Eric Clapton turned to the healing power of music at one of his darkest personal moments — and although it was surely never part of the plan, the results became one of the biggest hits from an incredibly distinguished career.

The song in question, "Tears in Heaven," was inspired by the death of Clapton's 4-year-old son Conor after a tragic fall from a New York high-rise where the boy had been living with his mother, actress and Italian television personality Lory Del Santo. Gutted by grief, Clapton turned to his work — which at the time included delivering the score and soundtrack for the 1991 crime drama Rush.

Although Clapton's work for the film was mostly instrumental, he included a trio of vocal numbers: a cover of Willie Dixon's "Don't Know Which Way to Go" and a pair of new originals, "Help Me Up" and "Tears in Heaven," co-written with lyricist Will Jennings. Though Jennings understandably tried to demur his way out of the latter track, he ultimately found himself unable to say no.

"He said to me, 'I want to write a song about my boy.' Eric had the first verse of the song written, which, to me, is all the song, but he wanted me to write the rest," Jennings told Songfacts. "I told him that it was so personal he should write everything himself. ... Finally there was nothing else but do to as he requested, despite the sensitivity of the subject. This is a song so personal and so sad that it is unique in my experience of writing songs."

For Clapton, the assignment was completed on something approaching pure instinct. "I almost subconsciously used music for myself as a healing agent, and lo and behold, it worked," he told ABC News years later. "I have got a great deal of happiness and a great deal of healing from music."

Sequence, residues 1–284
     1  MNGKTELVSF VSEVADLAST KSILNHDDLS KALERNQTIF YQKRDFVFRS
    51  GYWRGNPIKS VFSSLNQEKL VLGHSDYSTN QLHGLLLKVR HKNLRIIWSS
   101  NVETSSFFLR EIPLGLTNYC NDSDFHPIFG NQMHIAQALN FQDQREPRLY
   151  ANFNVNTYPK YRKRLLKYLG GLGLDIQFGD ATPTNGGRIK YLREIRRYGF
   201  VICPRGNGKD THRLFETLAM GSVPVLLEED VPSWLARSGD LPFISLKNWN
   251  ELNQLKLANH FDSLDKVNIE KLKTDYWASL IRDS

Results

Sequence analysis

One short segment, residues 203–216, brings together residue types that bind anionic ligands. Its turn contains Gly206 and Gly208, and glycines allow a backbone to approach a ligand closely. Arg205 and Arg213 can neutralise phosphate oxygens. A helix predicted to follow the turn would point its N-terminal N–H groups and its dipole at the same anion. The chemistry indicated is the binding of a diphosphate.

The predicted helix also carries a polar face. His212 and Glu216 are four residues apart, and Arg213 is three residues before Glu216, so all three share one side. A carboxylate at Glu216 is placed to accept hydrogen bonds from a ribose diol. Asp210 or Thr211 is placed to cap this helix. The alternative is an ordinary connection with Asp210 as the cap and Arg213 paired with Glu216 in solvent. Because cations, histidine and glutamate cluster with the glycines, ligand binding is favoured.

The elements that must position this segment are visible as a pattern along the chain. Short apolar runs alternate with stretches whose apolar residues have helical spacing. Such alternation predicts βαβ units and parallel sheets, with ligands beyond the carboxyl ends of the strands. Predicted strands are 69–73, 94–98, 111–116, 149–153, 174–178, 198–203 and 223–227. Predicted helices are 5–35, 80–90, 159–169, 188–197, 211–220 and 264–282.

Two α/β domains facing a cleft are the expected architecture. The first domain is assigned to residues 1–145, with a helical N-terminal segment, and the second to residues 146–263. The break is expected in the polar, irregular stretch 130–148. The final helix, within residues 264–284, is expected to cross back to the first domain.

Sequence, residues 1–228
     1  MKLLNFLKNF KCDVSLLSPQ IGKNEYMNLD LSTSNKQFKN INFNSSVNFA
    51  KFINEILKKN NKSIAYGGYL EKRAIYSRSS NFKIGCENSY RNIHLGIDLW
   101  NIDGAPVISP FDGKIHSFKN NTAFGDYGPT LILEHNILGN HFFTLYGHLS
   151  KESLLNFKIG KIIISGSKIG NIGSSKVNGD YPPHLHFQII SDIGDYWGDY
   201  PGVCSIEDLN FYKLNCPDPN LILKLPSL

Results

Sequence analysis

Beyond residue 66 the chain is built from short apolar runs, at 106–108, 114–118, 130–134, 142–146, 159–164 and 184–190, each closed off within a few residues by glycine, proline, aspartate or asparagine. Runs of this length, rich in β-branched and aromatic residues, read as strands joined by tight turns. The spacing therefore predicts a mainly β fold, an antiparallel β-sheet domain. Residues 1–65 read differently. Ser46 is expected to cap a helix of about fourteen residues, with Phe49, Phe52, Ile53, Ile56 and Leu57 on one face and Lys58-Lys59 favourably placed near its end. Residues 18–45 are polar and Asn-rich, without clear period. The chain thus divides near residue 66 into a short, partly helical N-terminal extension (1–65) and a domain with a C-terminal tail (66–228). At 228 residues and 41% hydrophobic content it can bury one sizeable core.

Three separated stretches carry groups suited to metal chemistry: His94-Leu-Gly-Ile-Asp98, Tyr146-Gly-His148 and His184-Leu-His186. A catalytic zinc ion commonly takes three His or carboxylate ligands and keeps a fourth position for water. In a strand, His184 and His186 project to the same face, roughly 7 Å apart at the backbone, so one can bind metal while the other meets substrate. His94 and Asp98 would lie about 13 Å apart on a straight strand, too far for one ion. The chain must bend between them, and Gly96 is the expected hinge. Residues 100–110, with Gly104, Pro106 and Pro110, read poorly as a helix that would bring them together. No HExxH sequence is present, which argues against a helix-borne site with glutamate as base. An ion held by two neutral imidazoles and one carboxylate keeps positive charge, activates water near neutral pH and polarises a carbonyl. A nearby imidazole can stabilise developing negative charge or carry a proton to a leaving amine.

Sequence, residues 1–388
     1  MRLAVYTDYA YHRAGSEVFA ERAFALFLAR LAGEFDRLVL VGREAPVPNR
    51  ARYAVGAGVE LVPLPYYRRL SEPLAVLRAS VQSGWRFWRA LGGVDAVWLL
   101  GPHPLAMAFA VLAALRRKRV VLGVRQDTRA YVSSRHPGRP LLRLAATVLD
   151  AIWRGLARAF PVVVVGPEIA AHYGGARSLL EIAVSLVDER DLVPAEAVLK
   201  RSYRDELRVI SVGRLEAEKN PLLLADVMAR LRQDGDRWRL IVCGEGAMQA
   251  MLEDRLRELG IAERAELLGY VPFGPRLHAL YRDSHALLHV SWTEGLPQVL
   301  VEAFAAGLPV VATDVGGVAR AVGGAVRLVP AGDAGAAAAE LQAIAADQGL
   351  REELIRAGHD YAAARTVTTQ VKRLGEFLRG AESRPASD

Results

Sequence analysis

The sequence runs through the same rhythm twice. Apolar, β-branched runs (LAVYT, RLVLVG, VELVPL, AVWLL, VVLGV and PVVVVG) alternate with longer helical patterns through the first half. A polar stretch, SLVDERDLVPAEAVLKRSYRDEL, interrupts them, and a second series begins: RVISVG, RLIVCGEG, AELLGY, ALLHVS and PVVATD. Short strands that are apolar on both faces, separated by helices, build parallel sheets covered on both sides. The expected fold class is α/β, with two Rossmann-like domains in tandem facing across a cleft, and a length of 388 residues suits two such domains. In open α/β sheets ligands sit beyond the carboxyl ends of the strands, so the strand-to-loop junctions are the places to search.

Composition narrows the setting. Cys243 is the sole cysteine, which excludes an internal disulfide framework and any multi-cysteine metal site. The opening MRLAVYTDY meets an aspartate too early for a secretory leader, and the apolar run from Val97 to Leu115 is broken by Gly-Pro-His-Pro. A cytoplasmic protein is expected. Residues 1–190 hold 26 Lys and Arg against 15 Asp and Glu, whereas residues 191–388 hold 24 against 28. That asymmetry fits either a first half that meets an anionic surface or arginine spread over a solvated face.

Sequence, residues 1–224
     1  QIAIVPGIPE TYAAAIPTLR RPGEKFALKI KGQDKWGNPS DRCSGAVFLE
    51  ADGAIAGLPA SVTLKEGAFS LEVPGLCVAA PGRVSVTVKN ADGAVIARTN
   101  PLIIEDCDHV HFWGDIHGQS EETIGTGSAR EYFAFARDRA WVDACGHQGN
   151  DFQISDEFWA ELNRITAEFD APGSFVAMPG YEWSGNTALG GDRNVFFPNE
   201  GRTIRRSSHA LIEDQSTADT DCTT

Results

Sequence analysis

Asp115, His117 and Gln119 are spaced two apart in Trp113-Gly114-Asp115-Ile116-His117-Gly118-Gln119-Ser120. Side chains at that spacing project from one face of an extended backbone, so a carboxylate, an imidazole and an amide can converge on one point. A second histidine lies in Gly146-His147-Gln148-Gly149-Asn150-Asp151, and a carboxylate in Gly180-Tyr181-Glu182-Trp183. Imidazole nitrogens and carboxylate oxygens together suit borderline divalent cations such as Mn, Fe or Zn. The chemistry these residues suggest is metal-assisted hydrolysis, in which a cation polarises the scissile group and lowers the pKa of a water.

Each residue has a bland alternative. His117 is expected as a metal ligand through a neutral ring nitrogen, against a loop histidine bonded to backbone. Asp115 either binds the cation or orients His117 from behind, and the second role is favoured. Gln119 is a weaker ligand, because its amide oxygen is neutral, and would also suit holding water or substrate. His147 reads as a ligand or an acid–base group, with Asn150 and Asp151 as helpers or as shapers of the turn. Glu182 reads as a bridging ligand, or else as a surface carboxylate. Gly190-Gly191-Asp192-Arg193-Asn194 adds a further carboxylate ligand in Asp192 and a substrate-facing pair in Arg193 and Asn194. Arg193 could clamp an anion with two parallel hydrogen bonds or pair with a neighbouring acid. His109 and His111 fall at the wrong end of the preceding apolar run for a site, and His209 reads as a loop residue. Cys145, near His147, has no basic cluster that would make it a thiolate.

Understandably, "Tears in Heaven" is far from a happy song — and Rush quickly faded from theaters — but the song's hopeful, probing approach to unimaginable grief strongly resonated with listeners, who sent the track soaring to No. 2 on the Billboard chart and turned it into Clapton's top-selling solo single. In addition to sales, it reaped immense critical acclaim, cleaning up at the 1993 Grammy Awards, where it took home Best Pop Vocal Performance, Record of the Year and Song of the Year.

For Clapton, the response to "Tears in Heaven" had to be bittersweet at best, but with hindsight, he had enough distance to be able to try and appreciate the aspects of the song that made it so popular. Looking back as a songwriter, he clearly identified the universal strengths of its themes.

"It asked a very pertinent question," Clapton told Mojo in 2005. "Because I don't really know. ... I have a belief in a higher power, but I don't really know whether — most of those old religious things say, 'See you over there.' And you think, 'Really? How do you know?' And the song asked that question. And I'm always wondering whether ... [very quietly] we meet people again."

As time wore on, Clapton developed enough of an emotional distance from the events surrounding "Tears in Heaven" that he found himself unwilling to continue performing it in concert, announcing in 2004 that he was phasing it out along with the similarly inspired "My Father's Eyes." "I really have to connect with the feelings that were there when I wrote them. They’re kind of gone and I really don’t want them to come back, particularly. My life is a different life now," he explained. "They probably need a rest, and maybe I’ll introduce them from a much more detached point of view."

In the meantime, "Tears in Heaven" remains one of Clapton's most hauntingly resonant works, and a testament to creativity's ability to help us cope with feelings and events that might otherwise wipe out our emotional reserves. Looking for answers, Clapton turned to his muse, and delivered a song that stands with the best of his work — and continues to help listeners heal today.

"I think what works about that song is it's a question. That doesn't offend anyone," Clapton surmised. "It's asking for help. It works for people. It's a great way to communicate, asking for help."

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